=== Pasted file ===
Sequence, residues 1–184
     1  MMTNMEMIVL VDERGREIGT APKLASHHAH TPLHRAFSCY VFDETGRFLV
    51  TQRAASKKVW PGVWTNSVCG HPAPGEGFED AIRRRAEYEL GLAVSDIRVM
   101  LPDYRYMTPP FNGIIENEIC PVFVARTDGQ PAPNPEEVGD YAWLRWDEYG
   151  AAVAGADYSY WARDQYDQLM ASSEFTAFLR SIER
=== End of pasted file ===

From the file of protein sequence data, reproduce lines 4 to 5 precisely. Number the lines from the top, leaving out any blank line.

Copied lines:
   101  LPDYRYMTPP FNGIIENEIC PVFVARTDGQ PAPNPEEVGD YAWLRWDEYG
   151  AAVAGADYSY WARDQYDQLM ASSEFTAFLR SIER